alexa Dietary behaviour of pregnant versus non-pregnant women.


Journal of Womens Health Care

Author(s): Verbeke W, De Bourdeaudhuij I

Abstract Share this page

Abstract This study investigates dietary behaviour and the perceived role of food for health of pregnant versus non-pregnant women. Data were collected between 15 January 2003 and 15 March 2003 in Belgium. One hundred and forty-eight pregnant and 130 non-pregnant women aged between 20 and 40 years completed a self-administered questionnaire about their dietary behaviour and nutritional attitudes. Both sub-samples match with respect to individual factors such as relevant socio-demographics and general food perceptions. Pregnant women report higher consumption of fruits, which results in a better score for fibre intake. They also report higher consumption of beef and dairy products, as well as a higher fat intake. No difference in fish consumption between pregnant and non-pregnant women is observed. In line with recommendations, pregnant women report reduced consumption of food products with heightened safety-related risks, lower use of alcohol and tobacco, and safer food handling practices. Reduced intake of raw vegetables for food safety reasons is not compensated by higher intake of cooked vegetables. Pregnant women also report a lower frequency of moderate physical activity. Most differences in food choice by pregnant versus non-pregnant women pertain to the avoidance of specific, potentially harmful food groups. A substantial share of pregnant women does not follow upon recommendations with respect to alcohol use and exposure to tobacco. Personal medical sources for pregnant women and personal social sources for non-pregnant women are reported as the most attended sources of diet-related information. The perceived role of food for health is not different between pregnant and non-pregnant women, and there were no significant interaction effects between pregnancy and presence of children, which indicates that the observed differences in dietary behaviour can be attributed to the state of being pregnant. This article was published in Appetite and referenced in Journal of Womens Health Care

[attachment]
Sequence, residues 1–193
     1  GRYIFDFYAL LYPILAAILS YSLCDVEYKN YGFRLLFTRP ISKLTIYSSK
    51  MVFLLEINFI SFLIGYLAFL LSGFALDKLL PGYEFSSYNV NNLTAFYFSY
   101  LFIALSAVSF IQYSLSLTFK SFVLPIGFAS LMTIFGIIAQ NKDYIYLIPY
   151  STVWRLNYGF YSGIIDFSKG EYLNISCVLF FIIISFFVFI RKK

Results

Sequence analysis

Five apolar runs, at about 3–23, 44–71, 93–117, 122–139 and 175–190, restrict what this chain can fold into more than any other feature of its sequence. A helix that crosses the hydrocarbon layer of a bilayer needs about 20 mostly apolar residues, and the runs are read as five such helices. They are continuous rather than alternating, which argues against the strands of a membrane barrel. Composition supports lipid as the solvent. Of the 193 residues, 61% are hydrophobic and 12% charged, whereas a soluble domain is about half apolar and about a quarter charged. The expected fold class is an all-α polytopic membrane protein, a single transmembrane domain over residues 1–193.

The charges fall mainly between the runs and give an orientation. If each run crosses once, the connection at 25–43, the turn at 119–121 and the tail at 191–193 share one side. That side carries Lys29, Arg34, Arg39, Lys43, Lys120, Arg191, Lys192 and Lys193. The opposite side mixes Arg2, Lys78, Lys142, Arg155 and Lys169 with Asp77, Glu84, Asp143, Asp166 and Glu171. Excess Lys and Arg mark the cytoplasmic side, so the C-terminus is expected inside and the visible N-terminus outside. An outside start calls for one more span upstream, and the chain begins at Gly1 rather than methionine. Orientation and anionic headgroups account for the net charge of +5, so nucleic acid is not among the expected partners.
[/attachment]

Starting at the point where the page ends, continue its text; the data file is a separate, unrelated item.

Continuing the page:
Relevant Expert PPTs

Relevant Speaker PPTs

Recommended Conferences

Relevant Topics

Peer Reviewed Journals
Make the best use of Scientific Research and information from our 700 + peer reviewed, Open Access Journals
International Conferences 2017-18
Meet Inspiring Speakers and Experts at our 3000+ Global Annual Meetings

Contact Us

Agri & Aquaculture Journals

Dr. Krish

1-702-714-7001Extn: 9040

Biochemistry Journals

Datta A

1-702-714-7001Extn: 9037

Business & Management Journals


1-702-714-7001Extn: 9042

Chemistry Journals

Gabriel Shaw

1-702-714-7001Extn: 9040

Clinical Journals

Datta A

1-702-714-7001Extn: 9037

Engineering Journals

James Franklin

1-702-714-7001Extn: 9042

Food & Nutrition Journals

Katie Wilson

1-702-714-7001Extn: 9042

General Science

Andrea Jason

1-702-714-7001Extn: 9043

Genetics & Molecular Biology Journals

Anna Melissa

1-702-714-7001Extn: 9006

Immunology & Microbiology Journals

David Gorantl

1-702-714-7001Extn: 9014

Materials Science Journals

Rachle Green

1-702-714-7001Extn: 9039

Nursing & Health Care Journals

Stephanie Skinner

1-702-714-7001Extn: 9039

Medical Journals

Nimmi Anna

1-702-714-7001Extn: 9038

Neuroscience & Psychology Journals

Nathan T

1-702-714-7001Extn: 9041

Pharmaceutical Sciences Journals

Ann Jose

1-702-714-7001Extn: 9007

Social & Political Science Journals

Steve Harry

1-702-714-7001Extn: 9042

© 2008- 2017 OMICS International - Open Access Publisher. Best viewed in Mozilla Firefox | Google Chrome | Above IE 7.0 version